Substituted Ethyl Ethers

Examples of substituted ethyl ethers include 1-ethoxyethyl, 1-(2-chloroethoxy)ethyl, 1-methyl-1-methoxyethyl, 1-methyl-1-benzyloxyethyl, 1-methyl-1-benzyloxy-2-fluoroethyl, 2,2,2-trichloroethyl, 2-trimethylsilylethyl, 2-(phenylselenyl)ethyl, t-butyl, allyl, p-chlorophenyl, p-methoxyphenyl, 2,4-dinitrophenyl, and benzyl.

Substituted Benzyl Ethers

Examples of substituted benzyl ethers include p-methoxybenzyl, 3,4-dimethoxybenzyl, o-nitrobenzyl, p-nitrobenzyl, p-halobenzyl, 2,6-dichlorobenzyl, p-cyanobenzyl, p-phenylbenzyl, 2- and 4-picolyl, 3-methyl-2-picolyl N-oxido, diphenylmethyl, p, p′-dinitrobenzhydryl, 5-dibenzosuberyl, triphenylmethyl, α-naphthyldiphenylmethyl, p-methoxyphenyldiphenylmethyl, di(p-methoxyphenyl)phenylmethyl, tri(p-methoxyphenyl)methyl, 4-(4′-bromophenacyloxy)phenyldiphenylmethyl, 4,4′,4″-tris(4,5-dichlorophthalimidophenyl)methyl, 4,4′,4″-tris(levulinoyloxyphenyl)methyl, 4,4′,4″-tris(benzoyloxyphenyl)methyl, 3-(Imidazol-1-ylmethyl)bis(4′,4″-dimethoxyphenyl)methyl, 1,1-bis(4-methoxyphenyl)-1′-pyrenylmethyl, 9-anthryl, 9-(9-phenyl)xanthenyl, 9-(9-phenyl-10-oxo)anthryl, 1,3-benzodithiolan-2-yl, and benzisothiazolyl S,S-dioxido.

Silyl Ethers

Examples of silyl ethers include trimethylsilyl, triethylsilyl, triisopropylsilyl, dimethylisopropylsilyl, diethylisopropylsilyl, dimethylthexylsilyl, t-butyldimethylsilyl, t-butyldiphenylsilyl, tribenzylsilyl, tri-p-xylylsilyl, triphenylsilyl, diphenylmethylsilyl, and t-butylmethoxyphenylsilyl.

Esters

In addition to ethers, a hydroxyl group may be protected as an ester. Examples of esters include formate, benzoylformate, acetate, chloroacetate, dichloroacetate, trichloroacetate, trifluoroacetate, methoxyacetate, triphenylmethoxyacetate, phenoxyacetate, p-chlorophenoxyacetate, p-P-phenylacetate, 3-phenylpropionate, 4-oxopentanoate(levulinate), 4,4-(ethylenedithio)pentanoate, pivaloate, adamantoate, crotonate, 4-methoxycrotonate, benzoate, p-phenylbenzoate, 2,4,6-trimethylbenzoate(mesitoate)

Carbonates

Examples of carbonates include methyl, 9-fluorenylmethyl, ethyl, 2,2,2-trichloroethyl, 2-(trimethylsilyl)ethyl, 2-(phenylsulfonyl)ethyl, 2-(triphenylphosphonio)ethyl, isobutyl, vinyl, allyl, p-nitrophenyl, benzyl, p-methoxybenzyl, 3,4-dimethoxybenzyl, o-nitrobenzyl, p-nitrobenzyl, S-benzyl thiocarbonate, 4-ethoxy-1-naphthyl, and methyl dithiocarbonate.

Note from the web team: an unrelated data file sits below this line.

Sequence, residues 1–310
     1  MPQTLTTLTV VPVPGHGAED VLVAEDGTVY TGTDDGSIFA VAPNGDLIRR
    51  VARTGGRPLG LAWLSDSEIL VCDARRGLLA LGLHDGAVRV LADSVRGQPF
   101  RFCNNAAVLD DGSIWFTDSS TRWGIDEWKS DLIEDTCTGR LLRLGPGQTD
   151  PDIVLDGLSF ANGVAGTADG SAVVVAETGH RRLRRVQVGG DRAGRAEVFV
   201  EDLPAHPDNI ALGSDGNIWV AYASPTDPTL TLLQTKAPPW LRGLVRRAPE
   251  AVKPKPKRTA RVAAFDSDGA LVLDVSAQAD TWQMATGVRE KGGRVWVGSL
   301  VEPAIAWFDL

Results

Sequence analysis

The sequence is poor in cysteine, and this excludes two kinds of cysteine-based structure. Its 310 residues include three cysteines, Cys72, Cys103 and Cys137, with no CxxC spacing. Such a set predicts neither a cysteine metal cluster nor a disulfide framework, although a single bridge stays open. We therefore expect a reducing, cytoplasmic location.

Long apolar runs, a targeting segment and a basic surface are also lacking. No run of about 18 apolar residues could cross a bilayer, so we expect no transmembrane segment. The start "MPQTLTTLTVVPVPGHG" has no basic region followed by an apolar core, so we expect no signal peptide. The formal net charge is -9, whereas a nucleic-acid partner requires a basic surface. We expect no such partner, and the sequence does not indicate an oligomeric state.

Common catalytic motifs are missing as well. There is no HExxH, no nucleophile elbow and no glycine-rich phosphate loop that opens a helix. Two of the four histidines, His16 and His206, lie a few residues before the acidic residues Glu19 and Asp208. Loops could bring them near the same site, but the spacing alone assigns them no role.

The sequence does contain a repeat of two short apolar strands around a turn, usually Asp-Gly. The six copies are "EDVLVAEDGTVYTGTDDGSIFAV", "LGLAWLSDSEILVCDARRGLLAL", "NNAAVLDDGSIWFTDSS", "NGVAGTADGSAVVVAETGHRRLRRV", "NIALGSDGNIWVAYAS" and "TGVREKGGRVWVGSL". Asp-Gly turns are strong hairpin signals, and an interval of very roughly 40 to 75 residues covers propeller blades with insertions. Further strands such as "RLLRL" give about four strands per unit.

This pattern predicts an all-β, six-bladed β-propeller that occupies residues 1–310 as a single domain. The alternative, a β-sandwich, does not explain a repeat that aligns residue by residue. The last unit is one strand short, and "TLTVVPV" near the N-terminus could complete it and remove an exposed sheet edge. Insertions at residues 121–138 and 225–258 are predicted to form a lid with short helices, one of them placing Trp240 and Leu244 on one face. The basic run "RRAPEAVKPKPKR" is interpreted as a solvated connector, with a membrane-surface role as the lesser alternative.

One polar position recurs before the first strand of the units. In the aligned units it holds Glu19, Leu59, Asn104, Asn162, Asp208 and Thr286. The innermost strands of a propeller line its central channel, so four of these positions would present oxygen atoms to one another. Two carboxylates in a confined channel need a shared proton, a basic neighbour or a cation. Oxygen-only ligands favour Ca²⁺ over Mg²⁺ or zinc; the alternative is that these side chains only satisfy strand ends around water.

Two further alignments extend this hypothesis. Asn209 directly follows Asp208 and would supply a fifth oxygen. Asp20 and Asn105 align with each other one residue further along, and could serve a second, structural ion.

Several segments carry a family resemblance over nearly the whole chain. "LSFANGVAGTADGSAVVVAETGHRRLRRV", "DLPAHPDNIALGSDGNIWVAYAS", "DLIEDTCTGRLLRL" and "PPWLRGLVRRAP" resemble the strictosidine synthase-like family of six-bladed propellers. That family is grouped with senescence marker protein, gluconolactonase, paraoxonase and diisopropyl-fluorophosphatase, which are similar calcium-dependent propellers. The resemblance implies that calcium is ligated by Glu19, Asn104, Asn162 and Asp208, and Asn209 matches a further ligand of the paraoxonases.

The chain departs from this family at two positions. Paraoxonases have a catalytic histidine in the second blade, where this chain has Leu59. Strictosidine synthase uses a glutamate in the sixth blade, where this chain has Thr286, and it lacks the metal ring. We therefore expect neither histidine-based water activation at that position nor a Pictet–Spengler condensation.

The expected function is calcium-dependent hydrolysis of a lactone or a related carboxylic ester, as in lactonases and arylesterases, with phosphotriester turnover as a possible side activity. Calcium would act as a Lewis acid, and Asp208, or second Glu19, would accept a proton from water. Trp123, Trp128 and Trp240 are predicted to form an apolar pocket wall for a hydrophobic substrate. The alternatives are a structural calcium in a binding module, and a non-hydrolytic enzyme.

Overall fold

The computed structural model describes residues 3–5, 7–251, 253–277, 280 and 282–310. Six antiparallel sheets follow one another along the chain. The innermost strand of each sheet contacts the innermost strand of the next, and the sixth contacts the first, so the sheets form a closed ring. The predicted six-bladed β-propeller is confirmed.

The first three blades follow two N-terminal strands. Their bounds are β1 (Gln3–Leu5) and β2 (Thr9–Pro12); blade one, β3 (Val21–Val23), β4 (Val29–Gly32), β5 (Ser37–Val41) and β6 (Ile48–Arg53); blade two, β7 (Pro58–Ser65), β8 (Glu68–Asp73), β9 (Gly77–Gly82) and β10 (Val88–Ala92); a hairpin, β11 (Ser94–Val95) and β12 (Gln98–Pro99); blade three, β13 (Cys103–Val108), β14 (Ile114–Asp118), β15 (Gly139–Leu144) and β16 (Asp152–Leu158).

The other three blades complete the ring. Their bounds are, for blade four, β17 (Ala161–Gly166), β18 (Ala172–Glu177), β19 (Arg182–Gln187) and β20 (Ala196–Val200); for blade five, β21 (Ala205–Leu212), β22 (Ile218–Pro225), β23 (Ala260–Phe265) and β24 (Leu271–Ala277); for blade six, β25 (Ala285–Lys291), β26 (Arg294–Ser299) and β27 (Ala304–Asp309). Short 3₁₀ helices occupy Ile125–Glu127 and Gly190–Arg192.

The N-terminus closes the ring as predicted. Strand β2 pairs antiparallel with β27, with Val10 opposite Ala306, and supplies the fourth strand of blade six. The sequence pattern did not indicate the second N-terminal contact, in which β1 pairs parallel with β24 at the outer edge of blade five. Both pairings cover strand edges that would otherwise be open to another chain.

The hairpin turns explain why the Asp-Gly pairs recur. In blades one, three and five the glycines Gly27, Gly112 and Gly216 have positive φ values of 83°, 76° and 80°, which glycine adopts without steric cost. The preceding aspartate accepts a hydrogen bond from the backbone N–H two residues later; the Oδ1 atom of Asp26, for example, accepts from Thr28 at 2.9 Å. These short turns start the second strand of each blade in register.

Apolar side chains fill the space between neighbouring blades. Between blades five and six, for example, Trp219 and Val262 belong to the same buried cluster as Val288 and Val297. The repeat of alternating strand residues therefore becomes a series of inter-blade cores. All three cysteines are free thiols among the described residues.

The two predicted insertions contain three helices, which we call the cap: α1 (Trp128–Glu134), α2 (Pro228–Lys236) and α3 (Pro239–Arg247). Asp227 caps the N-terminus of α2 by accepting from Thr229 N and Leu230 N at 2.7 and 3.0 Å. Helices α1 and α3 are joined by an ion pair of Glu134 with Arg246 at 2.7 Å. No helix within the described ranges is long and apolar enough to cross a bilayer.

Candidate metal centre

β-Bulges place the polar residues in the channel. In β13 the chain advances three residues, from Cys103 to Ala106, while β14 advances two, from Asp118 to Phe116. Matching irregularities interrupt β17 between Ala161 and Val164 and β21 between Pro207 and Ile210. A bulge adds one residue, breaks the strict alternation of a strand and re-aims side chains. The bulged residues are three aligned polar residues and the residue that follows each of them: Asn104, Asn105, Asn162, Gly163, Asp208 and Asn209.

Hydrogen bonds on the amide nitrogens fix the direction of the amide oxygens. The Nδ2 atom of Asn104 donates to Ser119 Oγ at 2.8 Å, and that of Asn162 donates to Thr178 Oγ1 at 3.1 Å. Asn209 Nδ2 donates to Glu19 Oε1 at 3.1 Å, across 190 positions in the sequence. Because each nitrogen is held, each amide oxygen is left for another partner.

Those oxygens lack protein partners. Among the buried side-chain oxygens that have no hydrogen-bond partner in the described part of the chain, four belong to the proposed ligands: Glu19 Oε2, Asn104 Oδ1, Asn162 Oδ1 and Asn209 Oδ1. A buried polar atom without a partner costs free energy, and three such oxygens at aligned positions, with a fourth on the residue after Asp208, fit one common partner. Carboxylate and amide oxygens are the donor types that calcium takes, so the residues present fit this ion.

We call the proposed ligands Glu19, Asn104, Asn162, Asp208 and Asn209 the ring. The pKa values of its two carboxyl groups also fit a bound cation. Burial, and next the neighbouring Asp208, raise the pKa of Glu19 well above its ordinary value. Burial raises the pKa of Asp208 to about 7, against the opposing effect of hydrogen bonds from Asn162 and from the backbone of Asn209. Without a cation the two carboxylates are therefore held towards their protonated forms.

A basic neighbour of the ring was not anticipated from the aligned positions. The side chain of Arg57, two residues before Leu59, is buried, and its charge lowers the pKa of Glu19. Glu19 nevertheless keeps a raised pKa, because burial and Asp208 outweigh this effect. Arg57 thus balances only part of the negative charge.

Assisted Cleavage

Examples of assisted cleavage include 2-iodobenzoate, 4-azidobutyrate, 4-nitro-4-methylpentanoate, o-(dibromomethyl)benzoate, 2-formylbenzenesulfonate, 2-(methylthiomethoxy)ethyl carbonate, 4-(methylthiomethoxy)butyrate, and 2-(methylthiomethoxymethyl)benzoate.

Miscellaneous Esters

Examples of miscellaneous esters include 2,6-dichloro-4-methylphenoxyacetate, 2,6-dichloro-4-(1,1,3,3-tetramethylbutyl)phenoxyacetate, 2,4-bis(1,1-dimethylpropyl)phenoxyacetate, chlorodiphenylacetate, isobutyrate, monosuccinoate, (E)-2-methyl-2-butenoate(tigloate), o-(methoxycarbonyl)benzoate, p-P-benzoate, α-naphthoate, nitrate, alkyl N,N,N′,N′-tetramethylphosphorodiamidate, N-phenylcarbamate, borate, dimethylphosphinothioyl, and 2,4-dinitrophenylsulfenate

Sulfonates

Examples of sulfonates include sulfate, methanesulfonate(mesylate), benzylsulfonate, and tosylate.

Amino Protecting Groups

Protection for the amino group includes carbamates, amides, and special —NH protective groups.

Examples of carbamates include methyl and ethyl carbamates, substituted ethyl carbamates, assisted cleavage carbamates, photolytic cleavage carbamates, urea-type derivatives, and miscellaneous carbamates.

Carbamates

Examples of methyl and ethyl carbamates include methyl and ethyl, 9-fluorenylmethyl, 9-(2-sulfo)fluorenylmethyl, 9-(2,7-dibromo)fluorenylmethyl, 2,7-di-t-butyl-[9-(10,10-dioxo-10,10,10,10-tetrahydrothioxanthyl)]methyl, and 4-methoxyphenacyl.

Substituted Ethyl